“To find out you have a friend you never knew existed, well it’s the best feeling in the world”
I kind of knew that I would like the film Pride, I hoped that I would really like it, but I wasn’t quite prepared for just how much I loved it – the kind of joyous, timeless film-making that makes you want to trot tired old clichés like Great British Classics. But it’s true, it really is. And it is also factually true – based on the real story of an unlikely alliance between a group of gay activists from London and a small Welsh mining community in the heart of the 1984 strike.
Written by Stephen Beresford (whose Last of the Haussmans
probably ranks as one of my favourite new plays of recent years), there’s something just straight up lovely about the culture clash that emerges between the two groups, but also in the way that the assortment of odds and sods on both sides who are completely changed by the experience. I don’t think a coda has ever affected me quite so much in the revelation of finding out what actually happened to these people in real life.
Continue reading “Film Review: Pride (2014)”
“That’s a little bit of convent humour for you”
With a dodgy pot of Vichyssoise, Sister Julia, Child of God has decimated the Little Sisters of Hoboken. But the business of burying 52 dead nuns is a costly one and the remaining sisters are left with no choice but to put on a fundraising variety show to make up the shortfall. Thus begins Dan Goggin’s habit-forming romp Nunsense A-Men! which has just opened at the Landor Theatre and marks the musical theatre debut of cabaret fixture Sister Mary McArthur.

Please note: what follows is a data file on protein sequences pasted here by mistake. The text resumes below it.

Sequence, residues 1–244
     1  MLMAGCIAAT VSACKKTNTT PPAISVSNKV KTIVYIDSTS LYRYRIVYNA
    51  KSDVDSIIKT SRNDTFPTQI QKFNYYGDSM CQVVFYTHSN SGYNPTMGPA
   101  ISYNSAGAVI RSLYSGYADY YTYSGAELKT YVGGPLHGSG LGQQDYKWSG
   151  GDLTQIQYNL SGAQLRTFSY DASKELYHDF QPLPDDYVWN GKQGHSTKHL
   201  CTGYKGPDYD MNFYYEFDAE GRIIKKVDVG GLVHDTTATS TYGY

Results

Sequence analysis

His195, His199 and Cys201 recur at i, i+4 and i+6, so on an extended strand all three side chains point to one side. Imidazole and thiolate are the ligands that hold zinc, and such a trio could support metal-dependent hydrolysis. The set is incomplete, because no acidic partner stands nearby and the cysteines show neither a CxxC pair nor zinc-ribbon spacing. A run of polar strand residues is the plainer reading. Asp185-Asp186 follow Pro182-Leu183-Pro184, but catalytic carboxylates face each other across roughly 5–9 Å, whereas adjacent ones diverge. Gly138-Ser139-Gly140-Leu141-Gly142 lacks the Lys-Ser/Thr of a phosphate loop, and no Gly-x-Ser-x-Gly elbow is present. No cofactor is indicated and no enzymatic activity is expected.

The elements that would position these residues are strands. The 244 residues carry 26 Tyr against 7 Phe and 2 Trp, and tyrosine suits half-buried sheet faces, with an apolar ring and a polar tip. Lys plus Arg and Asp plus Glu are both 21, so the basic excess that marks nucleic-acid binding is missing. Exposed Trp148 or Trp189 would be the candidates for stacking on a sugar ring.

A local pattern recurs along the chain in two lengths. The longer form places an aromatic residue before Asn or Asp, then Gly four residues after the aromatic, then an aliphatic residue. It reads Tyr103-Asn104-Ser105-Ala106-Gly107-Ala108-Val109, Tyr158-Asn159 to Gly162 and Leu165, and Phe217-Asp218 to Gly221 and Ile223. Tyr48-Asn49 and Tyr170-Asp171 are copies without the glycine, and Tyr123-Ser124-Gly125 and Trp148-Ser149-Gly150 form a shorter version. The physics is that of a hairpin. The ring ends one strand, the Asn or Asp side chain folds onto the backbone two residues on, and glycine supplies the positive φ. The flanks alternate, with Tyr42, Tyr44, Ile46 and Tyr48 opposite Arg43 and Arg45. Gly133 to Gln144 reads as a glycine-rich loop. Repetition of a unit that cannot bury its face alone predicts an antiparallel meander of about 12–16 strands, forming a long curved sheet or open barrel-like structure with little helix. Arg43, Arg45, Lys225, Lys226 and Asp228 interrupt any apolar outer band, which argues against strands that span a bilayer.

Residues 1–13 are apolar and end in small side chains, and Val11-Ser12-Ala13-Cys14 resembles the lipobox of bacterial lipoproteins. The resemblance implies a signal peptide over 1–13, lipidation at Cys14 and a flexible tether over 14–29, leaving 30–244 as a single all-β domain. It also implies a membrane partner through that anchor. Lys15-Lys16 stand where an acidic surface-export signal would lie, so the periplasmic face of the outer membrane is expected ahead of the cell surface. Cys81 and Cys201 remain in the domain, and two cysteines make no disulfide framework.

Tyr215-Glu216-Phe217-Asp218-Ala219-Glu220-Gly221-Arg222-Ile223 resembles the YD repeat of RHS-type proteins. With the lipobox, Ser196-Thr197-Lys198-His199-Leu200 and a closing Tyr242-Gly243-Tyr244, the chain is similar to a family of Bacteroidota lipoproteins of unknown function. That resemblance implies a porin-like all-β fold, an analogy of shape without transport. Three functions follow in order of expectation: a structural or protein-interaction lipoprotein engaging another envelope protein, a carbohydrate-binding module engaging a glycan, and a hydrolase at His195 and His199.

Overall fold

It’s the kind of warmly affectionate silliness that lives or dies by the strength of its performances and fortunately Robert McWhir’s production has hit the mark with some astute casting which allows the show to cycle through its multitude of turns with a heady sense of mischievous glee and irreverent charm. From the moment you enter the theatre, the nuns are there welcoming you in, cracking any number of terrible jokes and generating the kind of relaxed, fun atmosphere that characterises the whole show even at this late preview.
Sister (Tim) McArthur may be the established performing nun and his Reverend Mother Regina shines best when belting vaudeville-inspired numbers, but he is at least equalled by those around him. Josh Rochford’s Sister Amnesia with her country twang and forgetful pauses is a hoot (and surprisingly effective quizmistress), Alastair Knights’ brash Sister Robert Anne brings down the house with a range of habit-based impressions and as novice Sister Mary Leo, David Kristopher Brown gets to live a Disney ballerina dream.
Paul Brangan’s Sister Mary Hubert, the Mistress of Novices with half an eye on becoming Mother Superior, won my vote though with a wonderfully assured performance and a deliciously dry sense of humour that constantly drew the attention. But this is an ensemble that works together, from high-kicks to tap, Andrews Sisters impressions to cowboy backing singers, and backed by some quality musical direction from Michael Webborn on the piano, the homespun charms of Nunsense A-Men! will leave you praying for more.
Running time: 1 hour 40 minutes (with interval)
Booking until 28th July